High-pressure gas cylinders are a common sight in many laboratories: a default for supplying analytical instruments with their gas requirements, high-pressure gas cylinders are familiar and provide the gas that’s required, so it could be said that the old adage, ‘if it isn’t broke, don’t fix it’, could well apply.
Despite this, increasing numbers of analytical instrument users are choosing to supply their GC-FID, LC/MS and other types of instrument with gas via an analytical gas generator. Driving this decision will be a combination of factors broadly grouped into four areas; safety, cost, convenience and purity.
High-pressure gas cylinders can provoke safety concerns in a number of different ways, some with potentially fatal consequences. The presence of high-pressure gas cylinders in the laboratory has been likened to sharing the laboratory with a potential missile. This stems from the behaviour of a cylinder that suddenly de-pressurises. There is enough force released with a European ‘L’ size cylinder to accelerate the cylinder to something like 66mph or 108km/h in around 1/10 seconds. Cylinders weigh in at 200lb (98kg), so there’ll be enough momentum to cause some severe damage.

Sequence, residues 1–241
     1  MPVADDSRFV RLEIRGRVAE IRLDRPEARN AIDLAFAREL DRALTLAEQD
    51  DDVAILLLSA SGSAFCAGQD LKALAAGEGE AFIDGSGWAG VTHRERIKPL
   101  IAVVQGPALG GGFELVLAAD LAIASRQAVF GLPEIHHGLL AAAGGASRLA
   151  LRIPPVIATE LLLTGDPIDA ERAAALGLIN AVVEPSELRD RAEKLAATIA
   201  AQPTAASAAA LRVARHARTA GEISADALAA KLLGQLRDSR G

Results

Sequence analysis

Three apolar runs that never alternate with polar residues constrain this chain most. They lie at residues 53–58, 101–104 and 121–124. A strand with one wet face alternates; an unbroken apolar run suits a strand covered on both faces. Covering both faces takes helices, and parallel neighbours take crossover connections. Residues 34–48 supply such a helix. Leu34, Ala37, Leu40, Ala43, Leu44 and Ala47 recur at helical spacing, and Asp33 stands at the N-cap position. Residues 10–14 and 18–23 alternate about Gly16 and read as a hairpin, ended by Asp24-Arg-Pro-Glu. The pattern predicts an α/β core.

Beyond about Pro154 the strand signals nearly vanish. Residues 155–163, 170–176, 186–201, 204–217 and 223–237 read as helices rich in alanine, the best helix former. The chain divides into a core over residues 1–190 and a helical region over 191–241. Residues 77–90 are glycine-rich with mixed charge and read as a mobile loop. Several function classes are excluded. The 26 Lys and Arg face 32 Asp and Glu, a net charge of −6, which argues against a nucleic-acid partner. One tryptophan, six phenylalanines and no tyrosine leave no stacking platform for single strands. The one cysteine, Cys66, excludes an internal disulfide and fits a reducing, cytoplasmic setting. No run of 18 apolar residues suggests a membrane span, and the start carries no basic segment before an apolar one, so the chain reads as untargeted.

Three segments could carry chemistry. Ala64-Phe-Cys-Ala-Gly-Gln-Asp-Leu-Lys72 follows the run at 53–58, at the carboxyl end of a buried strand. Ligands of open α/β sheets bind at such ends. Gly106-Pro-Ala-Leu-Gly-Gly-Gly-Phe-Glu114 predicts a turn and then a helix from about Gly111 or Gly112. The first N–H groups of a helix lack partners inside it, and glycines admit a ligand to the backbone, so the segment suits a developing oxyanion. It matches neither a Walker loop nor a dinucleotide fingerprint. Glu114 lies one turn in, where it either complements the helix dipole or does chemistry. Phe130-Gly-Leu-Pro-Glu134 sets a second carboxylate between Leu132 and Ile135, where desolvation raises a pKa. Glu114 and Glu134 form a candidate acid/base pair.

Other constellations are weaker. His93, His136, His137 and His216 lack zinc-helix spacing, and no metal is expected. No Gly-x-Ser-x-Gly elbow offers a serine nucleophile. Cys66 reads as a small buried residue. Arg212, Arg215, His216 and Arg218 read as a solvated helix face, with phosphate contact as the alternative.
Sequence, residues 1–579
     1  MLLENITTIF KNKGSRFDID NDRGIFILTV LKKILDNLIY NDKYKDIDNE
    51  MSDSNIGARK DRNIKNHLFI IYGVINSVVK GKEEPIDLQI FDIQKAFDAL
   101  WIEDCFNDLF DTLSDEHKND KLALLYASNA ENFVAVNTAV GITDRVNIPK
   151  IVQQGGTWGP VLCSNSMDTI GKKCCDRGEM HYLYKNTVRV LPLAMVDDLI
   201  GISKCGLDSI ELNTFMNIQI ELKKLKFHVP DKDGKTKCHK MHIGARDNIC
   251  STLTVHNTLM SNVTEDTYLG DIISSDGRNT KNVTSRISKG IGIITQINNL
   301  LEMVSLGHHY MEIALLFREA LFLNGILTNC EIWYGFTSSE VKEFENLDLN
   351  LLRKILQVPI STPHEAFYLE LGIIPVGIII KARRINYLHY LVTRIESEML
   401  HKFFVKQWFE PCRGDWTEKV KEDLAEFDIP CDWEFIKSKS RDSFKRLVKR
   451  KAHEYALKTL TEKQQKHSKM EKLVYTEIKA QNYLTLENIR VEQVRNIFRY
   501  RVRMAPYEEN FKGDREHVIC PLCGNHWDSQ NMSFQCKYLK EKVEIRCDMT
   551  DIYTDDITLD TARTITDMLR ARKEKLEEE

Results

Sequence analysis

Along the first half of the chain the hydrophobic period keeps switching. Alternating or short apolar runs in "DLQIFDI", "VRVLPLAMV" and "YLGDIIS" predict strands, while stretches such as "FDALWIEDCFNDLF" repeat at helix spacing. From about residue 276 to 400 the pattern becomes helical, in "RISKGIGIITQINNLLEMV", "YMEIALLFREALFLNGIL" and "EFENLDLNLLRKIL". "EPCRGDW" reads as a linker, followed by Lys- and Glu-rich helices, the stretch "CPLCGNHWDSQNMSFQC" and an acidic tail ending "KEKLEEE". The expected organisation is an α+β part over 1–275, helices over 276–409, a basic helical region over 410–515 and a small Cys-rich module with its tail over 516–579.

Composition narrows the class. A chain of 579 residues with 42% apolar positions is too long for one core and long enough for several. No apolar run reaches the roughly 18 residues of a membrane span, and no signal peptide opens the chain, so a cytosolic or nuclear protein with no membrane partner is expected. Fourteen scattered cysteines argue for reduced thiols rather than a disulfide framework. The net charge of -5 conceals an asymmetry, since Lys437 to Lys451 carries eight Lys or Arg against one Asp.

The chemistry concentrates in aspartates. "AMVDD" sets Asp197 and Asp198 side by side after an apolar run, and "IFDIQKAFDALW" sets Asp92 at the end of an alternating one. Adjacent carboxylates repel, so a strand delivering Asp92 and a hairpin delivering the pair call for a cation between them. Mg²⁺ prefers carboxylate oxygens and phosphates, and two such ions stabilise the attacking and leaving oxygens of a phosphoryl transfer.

It’s because of this potential ‘missile scenario’ that cylinders tend to be strapped down to something fixed. Even restrained, should a large cylinder suddenly vent its contents into the laboratory, then there are potentially fatal consequences. For example, if a high-pressure cylinder of nitrogen suddenly vented into the atmosphere of a laboratory, then more than 9,000 litres of un-breathable gas would be released. This would dramatically reduce the oxygen content of the air – presenting the possibility of asphyxiation. The risk of oxygen displacement from the atmosphere is also associated with liquefied gases whose volume will increase as much as 1,000-fold when in the gas phase. This means liquid nitrogen dewars can also be hazardous.
If the gas suddenly venting was a potentially explosive gas, as in the case of hydrogen, the result could be much more dramatic. Hydrogen will form an explosive mixture at just 4% volume in air.